An infamous “dark money” group took its first shot in the presidential TV ad wars with a six-figure ad buy attacking ascendant Republican candidate John Kasich.
The Iowa-based American Future Fund is a conservative nonprofit linked to the billionaire brothers Charles and David Koch that since 2010 has inundated federal and state races with tens of millions of dollars.
But it seems the Ohio governor, while a Republican, is not right-leaning enough for the group.
“John Kasich — not a conservative. Not even a moderate. An Obama Republican,” the ad’s narrator says. The ad zeroes in on Kasich’s purported support of Common Core educational standards, Medicaid expansion and tax increases.
Airing in New Hampshire markets, the ad flurry follows Kasich’s recent surge in the Granite State. Kasich nabbed endorsements from two newspapers there and is making a strong showing in New Hampshire polls. But if American Future Fund has any say, Kasich will flounder in the first-in-the-nation primary on Feb. 9.
The ad’s sponsor
This likely will not be American Future Fund’s sole appearance in the 2016 presidential race.
Consider this: The “dark money” nonprofit spent just under $21 million in the 2012 presidential race, with more than half of that directed to touting defeated Republican nominee Mitt Romney. And during the 2012 federal election, American Future Fund ranked fourth among nonprofits in spending, according to the Center for Responsive Politics.
Like all 501(c)(4) nonprofits — or “social welfare” organizations — American Future Fund does not have to disclose its donors, so its cash flows are largely untraceable. Such nonprofits can’t make politics their primary purpose, but these groups continue to inject hundreds of millions of dollars into elections.
Its primary purpose, at least according to its tax filings, is “to educate and advocate for conservative, free market ideas.” Though in the past, watchdog groups such as Public Citizen have asked the Federal Election Commission to investigate whether American Future Fund’s true intent is to influence elections.
There are numerous examples of American Future Fund entering the political arena.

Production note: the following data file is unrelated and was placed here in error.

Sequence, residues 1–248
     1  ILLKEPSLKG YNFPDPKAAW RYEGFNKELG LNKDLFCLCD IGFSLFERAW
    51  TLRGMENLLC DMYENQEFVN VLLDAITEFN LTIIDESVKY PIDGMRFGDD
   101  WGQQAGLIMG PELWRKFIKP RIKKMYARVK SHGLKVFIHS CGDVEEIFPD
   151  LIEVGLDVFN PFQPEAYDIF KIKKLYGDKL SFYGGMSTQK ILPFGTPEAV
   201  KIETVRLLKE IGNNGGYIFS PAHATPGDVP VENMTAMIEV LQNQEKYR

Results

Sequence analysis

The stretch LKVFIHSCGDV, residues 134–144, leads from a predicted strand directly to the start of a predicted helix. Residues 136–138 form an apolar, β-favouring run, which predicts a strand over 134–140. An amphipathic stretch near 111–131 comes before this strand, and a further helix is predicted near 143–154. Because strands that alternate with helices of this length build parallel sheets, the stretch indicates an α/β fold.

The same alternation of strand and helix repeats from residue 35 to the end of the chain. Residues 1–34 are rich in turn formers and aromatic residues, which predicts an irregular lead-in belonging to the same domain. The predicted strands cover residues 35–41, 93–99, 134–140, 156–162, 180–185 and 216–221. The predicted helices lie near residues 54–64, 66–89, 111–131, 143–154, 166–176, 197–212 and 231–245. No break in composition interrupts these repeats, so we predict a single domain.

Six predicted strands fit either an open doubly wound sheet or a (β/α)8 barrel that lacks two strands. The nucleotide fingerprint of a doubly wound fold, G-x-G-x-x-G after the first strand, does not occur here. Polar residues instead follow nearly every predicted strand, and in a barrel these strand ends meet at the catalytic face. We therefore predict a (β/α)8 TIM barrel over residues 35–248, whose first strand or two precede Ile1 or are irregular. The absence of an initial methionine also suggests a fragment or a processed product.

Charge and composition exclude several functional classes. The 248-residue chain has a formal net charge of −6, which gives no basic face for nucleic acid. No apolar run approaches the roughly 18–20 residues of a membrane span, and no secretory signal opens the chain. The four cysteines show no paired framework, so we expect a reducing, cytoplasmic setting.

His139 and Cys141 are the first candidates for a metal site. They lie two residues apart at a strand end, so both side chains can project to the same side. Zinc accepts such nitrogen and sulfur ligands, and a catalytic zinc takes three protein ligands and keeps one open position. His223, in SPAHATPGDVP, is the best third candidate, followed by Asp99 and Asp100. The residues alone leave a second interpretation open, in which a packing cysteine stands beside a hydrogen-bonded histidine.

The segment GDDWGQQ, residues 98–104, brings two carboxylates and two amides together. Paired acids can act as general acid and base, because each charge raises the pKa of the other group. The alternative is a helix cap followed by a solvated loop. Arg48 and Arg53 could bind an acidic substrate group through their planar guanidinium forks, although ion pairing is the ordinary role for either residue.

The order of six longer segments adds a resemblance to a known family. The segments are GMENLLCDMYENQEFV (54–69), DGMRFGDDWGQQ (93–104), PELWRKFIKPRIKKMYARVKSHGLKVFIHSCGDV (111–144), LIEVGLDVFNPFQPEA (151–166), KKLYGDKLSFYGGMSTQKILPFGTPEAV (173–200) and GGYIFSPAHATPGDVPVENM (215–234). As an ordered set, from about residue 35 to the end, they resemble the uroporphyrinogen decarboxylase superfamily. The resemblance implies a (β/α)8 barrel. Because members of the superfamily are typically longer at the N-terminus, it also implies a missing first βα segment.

When Sen. Kelly Ayotte in 2012 voted against enhancing firearm background checks, American Future Fund spent $1.3 million in ads supporting the New Hampshire Republican. Leadership PACs of six Republicans gave a cumulative $105,000 to American Future Fund shortly before the pro-Ayotte ad campaign.
American Future Fund injects money in state races too. In 2014, American Future Fund spent about $360,000 in Nebraska’s gubernatorial election and Arkansas’ attorney general race.
The group even involves itself in island matters. The group sponsored ads in 2014 that attacked Puerto Rico’s Democratic Gov. Alejandro Garcia Padilla.
Who’s behind it?
Leading American Future Fund is Republican operative Nick Ryan, who founded the nonprofit in 2007.
Ryan also heads Pursuing America’s Greatness, a super PAC supporting Republican Mike Huckabee, and nonprofit Iowa Progress Project. In 2014, America Future Fund funneled $451,500 to Iowa Progress Project — a group that recently launched ads critical of presidential candidate Ted Cruz for his stance on ethanol subsidies.
Exactly how much the group will raise this election season will remain a mystery until long after ballots are cast. As a nonprofit, American Future Fund reports to the Internal Revenue Service once a year.
The group received $6.9 million in contributions in 2014, according to its most recent tax filing, though that number has likely since surged. The group receives more contributions during election years. In 2012, American Future Fund reported revenue of $67.9 million.
That year, most of the group’s revenue came from two Koch-linked organizations: the Center to Protect Patient Rights and Freedom Partners Chamber of Commerce — groups that cumulatively contributed $62.8 million in 2012.
The funder’s identities are largely are unknown, but in 2014, three people contributed more than $1 million.
The group has been tied to several individuals. In 2010, The New York Times identified Iowa businessman Bruce Rastetter as providing seed money for American Future Fund. Rastetter is co-founder of Hawkeye Energy Holdings, one of the nation’s largest ethanol producers.
A drug lobby’s trade association has bankrolled American Future Fund as well. The Pharmaceutical Research and Manufacturers of America gave $300,000 to American Future Fund during the 2010 election.
American Future Fund plans to spend $1 million on ads in New Hampshire markets, according to The New York Times. So far, Federal Communications Commission filings indicate that the group has placed about $600,000 in ads.
Why watch this group
To put it simply, American Future Fund is one of the biggest “dark money” spenders in the game.
American Future Fund spends tremendous sums per election cycle — focusing primarily on state and federal races. In 2013, the group attacked the IRS.
There’s little doubt that 2016 will be any different. In the past though, American Future Fund was absent during primary elections and it rarely attacks Republicans, making its attack on Kasich more interesting.
- Inside Mississippi's Last Abortion Clinic—and the Biggest Fight for Abortion Rights in a Generation
- Do Current COVID-19 Tests Still Detect Omicron?
- The First U.S. Offshore Wind Farm Could Be a Lifeline for Struggling New England Cities
- Welcome to TV's Era of Peak Redundancy
- The Key Role a Local Newspaper Played in the Trial Over Ahmaud Arbery's Murder
- TIME's Top 100 Photos of 2021
- 2021: The Year the Grift Kept Giving